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Backus Hospital nurses go on strike

The union says they have been in negotiations, trying to resolve issues involving patient care, workplace safety, and recruitment and retention.

NORWICH, Conn. — Tuesday, nurses from Backus Hospital in Norwich walked off the job and went on strike.

This is part of a two-day labor strike. The nurses were joined by union representatives and Congressman Joe Courtney (CT-02).

The union said they had been in negotiation for months and have been trying to resolve issues that involved patient care, workplace safety, recruitment, and retention.

The Connecticut Department of Public Health said they are  monitoring health and safety standards for patients at Backus Hospital in Norwich following the  strike. "According to state and federal laws, DPH has two primary responsibilities related to labor actions at acute care hospitals. Those include 1) ensuring adequate replacement nurse staffing due to the strike; and 2) to conduct random, daily monitoring visits to Backus Hospital during the strike to ensure that quality standards for safety and patient care are being upheld despite the labor action. As part of the inspection process, DPH inspectors are reviewing staffing, observe patient care, review medical records and ensure that adequate supplies are available."

Angela Leroux a registered nurse and the Treasurer of one of the local unions says,” We’ve been having to reuse our PPE and put them in brown paper bags. They hospital says they have plenty, but they still require us to reuse it”

Union representatives said it has been a challenging year for nurses and the pandemic has played a role in that. Just recently the state determined that an outbreak at Three Rivers Nursing Home in Norwich had spread to the staff at Backus Hospital.

Shannon Pereira, one of the nurses at Backus Hospital, says she is one of many staff members who have tested positive for COVID-19.  Pereira was out sick for a month while she recovered.

“We had an outbreak in my unit. There were multiple staff members that tested positive. And I was one of the last ones diagnosed. I never took care of a patient who was positive on the floor so reasonably working in quarters with reused PPE that is not protecting us sufficiently,” says Pereira.

President of Backus Hospital Donna Handley said she believes they have done everything to avoid a strike and that they had met at least 19 times to try and reach an agreement.

Read a statement from President Handley:

"The union representing nurses at Backus Hospital has decided to move forward with a two-day strike, starting Tuesday morning.

This is heartbreaking. The hospital has made every effort to avoid a strike. Over the course of 23 bargaining sessions, and using federal mediators, we have continually addressed issues important to both the union and to the hospital:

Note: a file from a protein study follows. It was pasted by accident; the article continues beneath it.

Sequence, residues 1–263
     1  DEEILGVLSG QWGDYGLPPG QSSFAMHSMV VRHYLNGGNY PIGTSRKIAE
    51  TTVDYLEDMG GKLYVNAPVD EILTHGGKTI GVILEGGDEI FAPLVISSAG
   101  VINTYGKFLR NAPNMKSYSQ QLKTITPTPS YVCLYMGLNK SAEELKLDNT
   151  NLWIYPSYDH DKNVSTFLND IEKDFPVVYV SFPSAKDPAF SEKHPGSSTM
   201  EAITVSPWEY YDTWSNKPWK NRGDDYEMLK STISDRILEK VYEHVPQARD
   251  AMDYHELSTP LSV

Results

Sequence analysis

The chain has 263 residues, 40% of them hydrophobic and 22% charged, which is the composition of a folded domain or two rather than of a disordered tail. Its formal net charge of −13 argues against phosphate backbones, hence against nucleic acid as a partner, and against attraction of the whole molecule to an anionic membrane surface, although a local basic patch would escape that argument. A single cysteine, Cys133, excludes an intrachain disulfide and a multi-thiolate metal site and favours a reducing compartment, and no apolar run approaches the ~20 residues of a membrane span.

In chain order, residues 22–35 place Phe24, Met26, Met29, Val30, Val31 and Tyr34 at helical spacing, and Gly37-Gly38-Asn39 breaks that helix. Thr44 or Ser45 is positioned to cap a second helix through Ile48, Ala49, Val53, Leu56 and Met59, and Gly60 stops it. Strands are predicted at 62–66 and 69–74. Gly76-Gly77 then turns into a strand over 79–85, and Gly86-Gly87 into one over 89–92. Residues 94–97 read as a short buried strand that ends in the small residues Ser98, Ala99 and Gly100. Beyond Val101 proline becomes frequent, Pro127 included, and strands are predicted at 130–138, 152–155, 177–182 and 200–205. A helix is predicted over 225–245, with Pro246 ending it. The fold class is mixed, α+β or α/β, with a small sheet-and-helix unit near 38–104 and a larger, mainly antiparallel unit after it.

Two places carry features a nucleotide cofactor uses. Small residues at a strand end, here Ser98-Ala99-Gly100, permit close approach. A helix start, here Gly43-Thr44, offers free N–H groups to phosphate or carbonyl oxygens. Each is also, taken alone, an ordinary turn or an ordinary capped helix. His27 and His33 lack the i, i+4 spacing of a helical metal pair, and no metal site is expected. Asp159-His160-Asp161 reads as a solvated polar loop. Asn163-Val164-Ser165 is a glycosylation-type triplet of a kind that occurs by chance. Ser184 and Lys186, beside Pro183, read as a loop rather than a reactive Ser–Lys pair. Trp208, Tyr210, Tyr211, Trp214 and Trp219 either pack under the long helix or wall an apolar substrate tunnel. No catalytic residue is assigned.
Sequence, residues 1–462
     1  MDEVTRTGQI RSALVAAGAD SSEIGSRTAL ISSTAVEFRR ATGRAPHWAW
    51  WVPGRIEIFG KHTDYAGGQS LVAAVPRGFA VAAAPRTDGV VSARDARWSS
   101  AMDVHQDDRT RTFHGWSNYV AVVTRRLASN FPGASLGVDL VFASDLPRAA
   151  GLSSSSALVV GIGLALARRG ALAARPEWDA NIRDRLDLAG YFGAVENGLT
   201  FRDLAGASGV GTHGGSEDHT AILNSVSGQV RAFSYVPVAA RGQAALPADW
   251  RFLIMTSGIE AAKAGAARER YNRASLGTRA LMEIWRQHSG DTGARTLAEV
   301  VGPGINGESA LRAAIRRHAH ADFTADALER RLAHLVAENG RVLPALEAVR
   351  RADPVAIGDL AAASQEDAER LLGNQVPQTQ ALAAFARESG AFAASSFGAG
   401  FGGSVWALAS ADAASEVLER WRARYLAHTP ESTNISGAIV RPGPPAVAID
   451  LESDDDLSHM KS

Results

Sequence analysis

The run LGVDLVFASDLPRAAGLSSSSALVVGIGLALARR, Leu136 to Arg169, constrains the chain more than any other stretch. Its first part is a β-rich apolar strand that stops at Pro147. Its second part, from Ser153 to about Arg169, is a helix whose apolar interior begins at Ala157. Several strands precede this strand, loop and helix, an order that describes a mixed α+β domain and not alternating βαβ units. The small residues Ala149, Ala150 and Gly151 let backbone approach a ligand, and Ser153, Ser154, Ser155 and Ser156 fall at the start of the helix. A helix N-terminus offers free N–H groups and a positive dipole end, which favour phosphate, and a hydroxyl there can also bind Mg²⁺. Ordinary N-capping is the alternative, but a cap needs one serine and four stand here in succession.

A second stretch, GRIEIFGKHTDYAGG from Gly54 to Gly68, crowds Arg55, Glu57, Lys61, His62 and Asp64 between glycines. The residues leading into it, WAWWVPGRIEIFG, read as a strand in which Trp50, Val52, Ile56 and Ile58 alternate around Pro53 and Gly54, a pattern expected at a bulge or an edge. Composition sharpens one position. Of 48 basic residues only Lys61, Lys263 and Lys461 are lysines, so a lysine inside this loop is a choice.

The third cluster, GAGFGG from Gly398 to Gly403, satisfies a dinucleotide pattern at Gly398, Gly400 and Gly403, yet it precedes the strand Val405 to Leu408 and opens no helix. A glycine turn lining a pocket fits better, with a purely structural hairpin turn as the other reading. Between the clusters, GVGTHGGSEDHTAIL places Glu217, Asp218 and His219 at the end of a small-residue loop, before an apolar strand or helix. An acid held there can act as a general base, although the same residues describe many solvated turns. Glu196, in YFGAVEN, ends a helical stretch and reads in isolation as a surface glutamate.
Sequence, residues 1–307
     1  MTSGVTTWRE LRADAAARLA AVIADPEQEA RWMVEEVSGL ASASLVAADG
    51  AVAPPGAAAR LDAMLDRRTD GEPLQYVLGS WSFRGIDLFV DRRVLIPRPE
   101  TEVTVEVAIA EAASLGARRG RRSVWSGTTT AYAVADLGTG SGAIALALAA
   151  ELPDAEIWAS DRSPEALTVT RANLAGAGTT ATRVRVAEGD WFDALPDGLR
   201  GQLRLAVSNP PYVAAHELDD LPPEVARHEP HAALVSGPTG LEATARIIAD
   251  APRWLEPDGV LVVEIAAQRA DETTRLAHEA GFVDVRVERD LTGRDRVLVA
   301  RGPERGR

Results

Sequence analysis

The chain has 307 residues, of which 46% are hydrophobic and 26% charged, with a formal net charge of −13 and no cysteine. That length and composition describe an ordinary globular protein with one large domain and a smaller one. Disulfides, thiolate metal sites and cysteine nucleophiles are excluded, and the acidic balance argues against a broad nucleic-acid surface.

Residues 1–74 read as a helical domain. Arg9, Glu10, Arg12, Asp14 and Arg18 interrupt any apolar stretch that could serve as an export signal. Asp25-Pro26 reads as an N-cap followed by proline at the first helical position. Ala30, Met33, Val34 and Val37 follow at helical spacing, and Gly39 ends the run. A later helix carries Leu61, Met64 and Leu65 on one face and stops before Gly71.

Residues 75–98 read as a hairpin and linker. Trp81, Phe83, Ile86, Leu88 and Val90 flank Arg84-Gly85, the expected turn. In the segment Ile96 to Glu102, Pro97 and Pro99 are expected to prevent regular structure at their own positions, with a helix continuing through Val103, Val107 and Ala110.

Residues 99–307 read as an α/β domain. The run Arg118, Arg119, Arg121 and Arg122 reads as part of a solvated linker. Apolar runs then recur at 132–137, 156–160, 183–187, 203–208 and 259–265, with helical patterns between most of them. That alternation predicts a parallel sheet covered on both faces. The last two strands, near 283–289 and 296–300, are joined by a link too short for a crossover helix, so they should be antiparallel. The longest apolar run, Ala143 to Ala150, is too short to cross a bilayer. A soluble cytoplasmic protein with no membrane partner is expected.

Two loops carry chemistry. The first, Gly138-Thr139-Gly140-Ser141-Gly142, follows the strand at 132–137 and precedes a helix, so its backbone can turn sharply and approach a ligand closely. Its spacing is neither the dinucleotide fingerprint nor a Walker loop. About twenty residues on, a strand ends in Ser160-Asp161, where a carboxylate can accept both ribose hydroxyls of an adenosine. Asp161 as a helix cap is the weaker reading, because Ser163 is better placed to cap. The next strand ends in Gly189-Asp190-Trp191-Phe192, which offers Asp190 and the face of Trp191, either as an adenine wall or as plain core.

· Personal protective equipment (PPE)

· Staffing

· Additional accommodations for breastfeeding

We have worked to reach an agreement that advances our nurses and increases wages and benefits. Our offer includes:

· Significant wage increases for all RNs over the three-year contract, amounting to 12.5% over three years

· Additional paid time off for 82% of nurses — with no nurse losing any paid time off

· Reducing the cost of healthcare premiums by 2%

Additionally:

· We offered to retain daily overtime for nurses — paying overtime wages for hours worked over 8 in one shift, as opposed to 40 in one week.

· We retained jobs at a time when other healthcare employers have laid off or furloughed nurses and other staff.

· We provided staff with additional paid time off during the pandemic and other support including a special COVID response payment, housing and a colleague assistance fund to support those in financial need.

In all of these and other ways, Backus Hospital has shown that we respect our nurses, we are prepared to find common ground, and we want to reach agreement on a fair contract.

The union, unfortunately, is prepared to strike, causing an unprecedented degree of disruption during an unprecedented health crisis.

I have heard directly from nurses telling me that this is not what they want. I have heard from members of our community who are understandably concerned, especially as we are dealing with an uptick in COVID-19 cases.

I apologize for the concern that I know this is creating for our hospital, our nurses and our community. We remain firmly committed to reaching a reasonable agreement. And while I am confident that both the hospital and the union ultimately will do so, now we are focused on the important work to be prepared to care for our patients.

During this two-day period, Backus Hospital will remain open and programs and services will remain accessible to our community. We will continue to be safe, ready and prepared to care for those who rely on us.

Donna Handley, RN, BSN, MA

President, Backus Hospital"